Thursday, December 30, 2010

Brandy Friday: Paul-Marie Fils 25 Year Pineau de Charentes

Pineau de Charentes is not a common drink in the US. It is a French fortified wine made from blending brandy (usually unaged) and fermented grape must, which is juice made from the the seeds, skins and stems of the grape.

Paul-Marie Fils Pineau de Charentes is unusual in that instead of being made with unaged eau de vie, it is made with Cognac and then further aged. According to David Driscoll's excellent K&L spirits blog, "It was made from Cognac distilled in 1984 and then white wine from 1985 and put into a barrel for 25 years!" A twenty-five year old dessert wine is unusual indeed.

Paul-Marie Fils 25 Year Pineau de Charentes, 17.5% abv, ($80 at K&L).

This stuff has a very nice aroma. The first thing I get on the nose is Cognac, a sweet one with raisins and other dried fruit, then behind it some of the dessert wine notes that give it a fresh and sweet scent. The flavor opens very sweet, but it's much more complex than most fortified wines I've had, with some of that aged Coganc flavor integrated into the sweet wine. I taste plums and other stone fruit along with the sweet wine flavors and some nice Christmas-type spice. The late palate to finish is very port-like.

This is much sweeter than what I usually drink, but it's quite a pleasant dessert wine with some real depth. I tried it both neat and chilled, but much preferred it chilled, which muted a bit of the sweetness.

If you are a dessert or fortified wine fan, you should definitely check this stuff out.


David D said...

YES! You bought one of those! They are long gone so enjoy it while it lasts. I'm working on getting him to import another similar barrel.

NP said...

Pineau is indeed drunk chilled in the Cognac region; despite being a fortified wine made along the same principle as Port for example, it asks for a Sauternes treatment: 50F or so...
Plus at this temp, it ll keep at least for a good 4 weeks.

David D my man, I heard you & already have a few ideas. Give me a few more month - time is really key if one wants to do things right - you ll love it...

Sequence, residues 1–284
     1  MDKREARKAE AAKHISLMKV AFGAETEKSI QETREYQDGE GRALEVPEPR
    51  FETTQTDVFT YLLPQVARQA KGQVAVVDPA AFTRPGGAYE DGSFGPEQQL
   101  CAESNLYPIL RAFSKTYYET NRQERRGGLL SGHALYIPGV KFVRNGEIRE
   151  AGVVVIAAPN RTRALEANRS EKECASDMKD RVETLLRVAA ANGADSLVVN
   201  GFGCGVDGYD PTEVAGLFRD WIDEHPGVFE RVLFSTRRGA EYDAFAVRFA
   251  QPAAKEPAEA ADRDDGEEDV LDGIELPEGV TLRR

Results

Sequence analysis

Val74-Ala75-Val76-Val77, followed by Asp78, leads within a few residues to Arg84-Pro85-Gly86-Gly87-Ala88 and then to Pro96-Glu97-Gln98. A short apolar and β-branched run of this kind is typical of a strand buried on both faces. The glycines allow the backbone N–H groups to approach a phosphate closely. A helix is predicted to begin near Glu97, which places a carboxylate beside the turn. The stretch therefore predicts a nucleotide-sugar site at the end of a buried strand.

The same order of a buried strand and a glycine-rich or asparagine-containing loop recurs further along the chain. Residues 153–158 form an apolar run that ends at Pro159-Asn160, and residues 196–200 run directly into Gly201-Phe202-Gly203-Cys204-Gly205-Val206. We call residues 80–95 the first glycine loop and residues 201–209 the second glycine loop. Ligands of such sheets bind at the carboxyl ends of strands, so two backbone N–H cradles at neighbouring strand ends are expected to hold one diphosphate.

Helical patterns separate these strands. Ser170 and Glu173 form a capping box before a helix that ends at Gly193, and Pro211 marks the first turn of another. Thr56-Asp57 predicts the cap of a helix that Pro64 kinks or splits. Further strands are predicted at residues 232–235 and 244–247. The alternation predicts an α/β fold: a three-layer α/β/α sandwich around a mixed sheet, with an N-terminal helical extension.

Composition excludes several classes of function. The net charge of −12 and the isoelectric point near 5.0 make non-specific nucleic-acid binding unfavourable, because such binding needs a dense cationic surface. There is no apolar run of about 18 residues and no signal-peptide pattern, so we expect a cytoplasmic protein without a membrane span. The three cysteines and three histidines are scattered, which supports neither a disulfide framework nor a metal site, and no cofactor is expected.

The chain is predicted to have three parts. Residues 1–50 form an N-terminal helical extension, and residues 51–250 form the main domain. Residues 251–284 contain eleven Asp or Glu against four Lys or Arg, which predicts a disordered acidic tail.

sku said...

NP (Nicolas?), thanks for your comments. It may technically last four weeks chilled, but once I chilled and started serving it on Christmas night, it didn't last four guests couldn't get enough.

Also, we drank it for dessert, but it seemed like it would pair well with a foie gras course as well.

Anyway, good stuff. Thanks!

NP said...

Sku, thx for the kind words.

Traditionally young pineau is drunk as an aperitif, since chilling it offsets the sweetness. People in the Cognac region will use young pineau to fill up a half cantaloupe and eat this dish as an appetizer. Of course, old Pineau can be used, just depends on how one wants to splurge on one's meal...

Foie gras is a very good call, though i tend to move towards some with a tad more acidity and less residual sweetness. I ve always wanted to see what a great manzanilla or may be amontillado could do with the foie (like what the boys at Equipo Navazos do. David D, got any?) - but that's just me, i digress.

Back to Pineau, blue cheese is pretty cool - so is cognac itself (take a piece of roquefort, dig a hole, fill it up with cognac, let the cheese absorb it, take some bread, eat) - as well as hard aged cheeses (aged comte etc...).

Then desserts, of course: dark chocolate, anything with fruits - lemon tart or something with grapefruit is really cool etc...

Enjoy the new year